Thursday, September 17, 2009

poltergeist [1982]

all too often horror movies fail at horrifying us and are simply horrible to endure. unless you're a certain kind of cinematic masochist who loves to be tortured by the terrible. at any rate, director tobe hooper's second full-length feature, texas chain saw massacre [1974], is that rare beast: a product of pop culture that has entered the bloodstream of the masses. like shakespeare's writing -- no, i'm not making a direct comparison of hooper and shakespeare -- that has entered the culture at large where it's influence is felt in the culture itself, hooper's horror show is that film that everyone knows even if one has not seen it, nor ever plan on seeing it.

poltergeist is a different creature than that texas film yet despite being scripted and produced by steven spielberg, is a genuine creepy piece of celluloid. hooper predates the vision of tim burton by a few years with presenting the shiny exteriors of late 20th century suburban life in the u.s. what goes on behind closed doors is the stuff of nightmares. yet, hooper dwells on these surfaces just nicely. the opening shot of a man riding his kid's bmx bike with a case of beer as he dodges the remote control cars of the neighborhood children that ends with the man running to the living room to watch the big game is so redolent of the lives of our fathers that a frisson of recognition is felt within the viewer.

or at least this viewer. suburban life is rarely captured in all its glorious banality on film. then hooper ups the creep factor with subtlety. the family of whose little girl will soon be lost within the horizontal and vertical lines of their analog tv set, and how brilliant it is of spielberg and hooper to make such a vital and omnipresent commodity, the television, the locus of such terror as losing a child, begin noticing strange things start happening.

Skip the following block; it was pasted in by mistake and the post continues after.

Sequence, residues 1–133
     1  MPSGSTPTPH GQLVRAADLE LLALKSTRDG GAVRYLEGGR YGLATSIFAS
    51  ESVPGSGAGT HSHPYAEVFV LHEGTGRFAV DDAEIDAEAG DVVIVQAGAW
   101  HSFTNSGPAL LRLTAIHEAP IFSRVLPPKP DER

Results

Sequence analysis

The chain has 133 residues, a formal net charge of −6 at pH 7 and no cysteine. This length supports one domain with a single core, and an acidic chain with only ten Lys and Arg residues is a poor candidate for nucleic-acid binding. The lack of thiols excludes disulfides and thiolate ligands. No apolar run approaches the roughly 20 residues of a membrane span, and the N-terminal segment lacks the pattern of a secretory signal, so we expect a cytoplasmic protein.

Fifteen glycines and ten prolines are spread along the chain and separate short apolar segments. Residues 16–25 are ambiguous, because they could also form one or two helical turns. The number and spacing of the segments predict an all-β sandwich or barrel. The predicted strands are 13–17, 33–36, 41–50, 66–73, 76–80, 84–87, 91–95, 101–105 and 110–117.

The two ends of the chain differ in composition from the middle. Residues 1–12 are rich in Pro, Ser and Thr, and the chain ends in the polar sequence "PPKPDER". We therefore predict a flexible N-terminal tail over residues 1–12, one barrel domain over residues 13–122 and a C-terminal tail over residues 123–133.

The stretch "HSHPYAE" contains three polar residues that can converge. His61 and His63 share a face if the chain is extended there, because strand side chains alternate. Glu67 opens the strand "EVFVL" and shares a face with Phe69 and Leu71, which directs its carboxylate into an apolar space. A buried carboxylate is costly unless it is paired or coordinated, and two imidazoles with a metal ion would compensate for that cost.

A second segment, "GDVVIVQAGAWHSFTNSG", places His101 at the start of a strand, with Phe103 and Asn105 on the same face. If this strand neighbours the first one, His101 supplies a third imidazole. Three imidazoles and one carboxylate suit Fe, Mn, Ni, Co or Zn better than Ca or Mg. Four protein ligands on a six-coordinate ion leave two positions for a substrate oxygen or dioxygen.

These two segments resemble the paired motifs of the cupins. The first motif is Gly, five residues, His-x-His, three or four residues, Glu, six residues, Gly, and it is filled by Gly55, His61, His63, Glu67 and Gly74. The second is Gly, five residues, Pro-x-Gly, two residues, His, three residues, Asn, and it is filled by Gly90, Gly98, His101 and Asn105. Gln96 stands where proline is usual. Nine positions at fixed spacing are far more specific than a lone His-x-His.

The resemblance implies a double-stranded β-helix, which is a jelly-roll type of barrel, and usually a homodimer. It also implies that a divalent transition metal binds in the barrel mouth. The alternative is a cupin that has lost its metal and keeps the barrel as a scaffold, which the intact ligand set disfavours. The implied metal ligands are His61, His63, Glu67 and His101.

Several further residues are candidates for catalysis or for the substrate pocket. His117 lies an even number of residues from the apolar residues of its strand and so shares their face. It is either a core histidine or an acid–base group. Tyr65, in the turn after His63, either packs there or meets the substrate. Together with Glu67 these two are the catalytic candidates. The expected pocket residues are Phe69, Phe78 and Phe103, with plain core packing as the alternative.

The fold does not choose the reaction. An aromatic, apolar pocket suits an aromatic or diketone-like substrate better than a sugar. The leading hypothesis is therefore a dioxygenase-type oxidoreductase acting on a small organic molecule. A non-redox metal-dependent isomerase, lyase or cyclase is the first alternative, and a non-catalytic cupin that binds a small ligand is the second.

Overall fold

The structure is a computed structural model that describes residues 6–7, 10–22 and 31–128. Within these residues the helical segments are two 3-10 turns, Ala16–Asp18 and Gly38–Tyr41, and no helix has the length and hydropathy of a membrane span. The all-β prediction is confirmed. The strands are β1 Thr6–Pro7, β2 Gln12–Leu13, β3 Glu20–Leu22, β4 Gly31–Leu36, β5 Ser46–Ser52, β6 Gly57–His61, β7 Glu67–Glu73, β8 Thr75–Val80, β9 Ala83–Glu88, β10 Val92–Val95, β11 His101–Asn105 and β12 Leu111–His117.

the best example of this is when the mother, played by jo beth williams, is in the kitchen putting away groceries. her daughter, who will soon be snatched away by the eponymous ghosts, is playing nearby. the kitchen table is in the background as normal as can be. williams turns to put something away and turns back to her daughter. all the chairs are now stacked on top of the table. freaky. nothing more scary than that thing that is just out of sight.

hooper continues tweaking our fear with such fineness until the girl is gone. the family can hear her but can't find her. they can only hear the girl within the tv. suddenly the somatic device, normally such a comfort, becomes an object of terror. a brilliant concept that is played straight and works for the effort made by hooper.

only when the family turns to paranormal investigators does the movie become rather standard play. the monsters become visible, the girl is rescued and the family moves out of their neighborhood because the ghosts, who we learn at the end have good reason to be pissed and justified i suppose in their wanton destructiveness because of a capitalist's greed, have seriously fucked up the neighborhood. the last shot is the family checking in to a motel, walking thru the door, then the father, played by craig t. nelson, puts the tv outside.

the film has its flaws, particularly the hokum reason given for the existence of the poltergeists. yet there are enough creepy set pieces to make this flick good halloween viewing. hooper throws in everything he knows about terror, including wicked dolls and a monster in the closet. the cast is game and there is that scene, when one of the paranormal investigators goes to the bathroom to take a piss, looks at a blemish on his face, rubs at it, then proceeds to tear his face off piece by small piece, that really grossed me out. damn, that scene is that good.



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